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Hong Kong withdraws National Security Bill
( 2003-09-05 13:56) (chinadaily.com.cn)

Hong Kong Special Administrative Region (HKSAR) Chief Executive Tung Chee-hwa announced the withdrawal on Friday of the National Security (Legislative Provisions) Bill, known as Article 23 of the Basic Law, to allow more time for consultation and to focus on economic recovery.

Hong Kong's Chief Executive Tung Chee-hwa (center), flanked by Secretary for Justice Elsie Leung (left) and Secretary for Security Ambrose Lee, announces in a news conference in Hong Kong, Friday, September 5, 2003, that he has withdrawn the drafted National Security Bill. [newsphoto.com.cn]
The bill -- already tabled for its first reading at the Legislative Council -- was put on hold following a massive public protest on July 1.

Addressing the media on Friday after a special Executive Council meeting, Tung noted that Article 23 of the Basic Law stipulates that Hong Kong must legislate  "on its own'' to ban actions that would threaten national security.

 "This represents the central government's trust in Hong Kong people,'' he said.

Legislating Article 23 is a constitutional obligation and one that should be fulfilled by the citizens of Hong Kong, he said.

But he stressed that people's concerns must be allayed before legislation.

There are still some concerns in the SAR relating to the detailed legislative provisions.  "For that reason I think we need to re-examine the whole issue,'' Tung said.

 "We want to consult very widely in the community again. We are not going ahead with the legislative process until there is sufficient consultation.''

Tung said he believed that after another round of consultation, Article 23 legislation would win consensus from the people of the SAR and the government would eventually be able to put it through.

The government has no timetable for introducing a new bill, he said.

Economic recovery is another reason behind the government's decision to withdraw the bill.

 "Hong Kong is in a painful economic adjustment, especially after SARS,'' he said.

The jobless rate hit a record high of 8.7 per cent for the three months to July, and consumer spending has been in a downward spiral for 57 months in succession.

 "I have heard a lot of views and learnt that the people are most concerned about the economy. I feel the society should devote its energy to improving the economy and creating more job opportunities,'' the chief executive said.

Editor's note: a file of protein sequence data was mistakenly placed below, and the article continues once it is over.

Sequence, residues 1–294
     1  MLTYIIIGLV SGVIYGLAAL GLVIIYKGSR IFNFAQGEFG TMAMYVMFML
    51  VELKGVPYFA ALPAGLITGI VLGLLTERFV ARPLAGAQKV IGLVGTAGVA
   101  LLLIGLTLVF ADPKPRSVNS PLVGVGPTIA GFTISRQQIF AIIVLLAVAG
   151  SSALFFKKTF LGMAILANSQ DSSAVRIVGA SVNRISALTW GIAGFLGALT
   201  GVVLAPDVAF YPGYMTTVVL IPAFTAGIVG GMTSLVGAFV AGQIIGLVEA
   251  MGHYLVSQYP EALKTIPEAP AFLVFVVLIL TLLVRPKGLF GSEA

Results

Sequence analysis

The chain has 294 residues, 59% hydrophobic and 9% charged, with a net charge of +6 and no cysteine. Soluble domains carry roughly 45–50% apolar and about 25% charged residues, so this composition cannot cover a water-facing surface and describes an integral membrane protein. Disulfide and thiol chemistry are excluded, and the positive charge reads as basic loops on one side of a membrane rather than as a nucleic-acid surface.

Asked whether he would like to see the laws pass during his term in office, Tung said:  "Being a Chinese citizen, I do think we should legislate Article 23, but we must go through consultation and get the support of the community before we act.''

When asked whether the central government might withhold some of its promised economic advantages now that Hong Kong has decided to delay the security bill's passage, Tung said that the two issues should not be linked  "at all.''

He added that,  "when the time is ripe, Hong Kong will be given priority as an offshore renminbi trading centre.''

Hong Kong Chief Executive Tung Chee-hwa said Friday his government has decided to withdraw the drafted National Security Bill, known as the Article 23 of the Basic Law.

Tung said his decision was made amid lingering worries among the public over the bill, and because he felt Hong Kong should focus on making an economic recovery.

"I have listened to a lot of opinions, what our citizens care about the most at the moment are economic matters," Tung said.

Hong Kong was hit by the 1997-98 Asian financial crisis, and is currently battling record unemployment of 8.7 percent and deepening deflation.

This past year's SARS outbreak, which killed 299 people in Hong Kong, worsened the situation by prompting travel warnings that devastated Hong Kong's tourism and other business.

Legislative support for the bill unraveled following a public protest on July 1, and the bill was put on hold.

The failed first attempt to pass the bill shook Tung's administration, spurring the resignations of Financial Secretary Antony Leung and security chief Regina Ip.

Tung said the government will not introduce a new version of the bill until it has consulted thoroughly with the public and gained support. He said the government has no timetable to introduce a new bill.

"We won't begin a new legislative process if we do not have a thorough consultation or extensive support from the public," he said.

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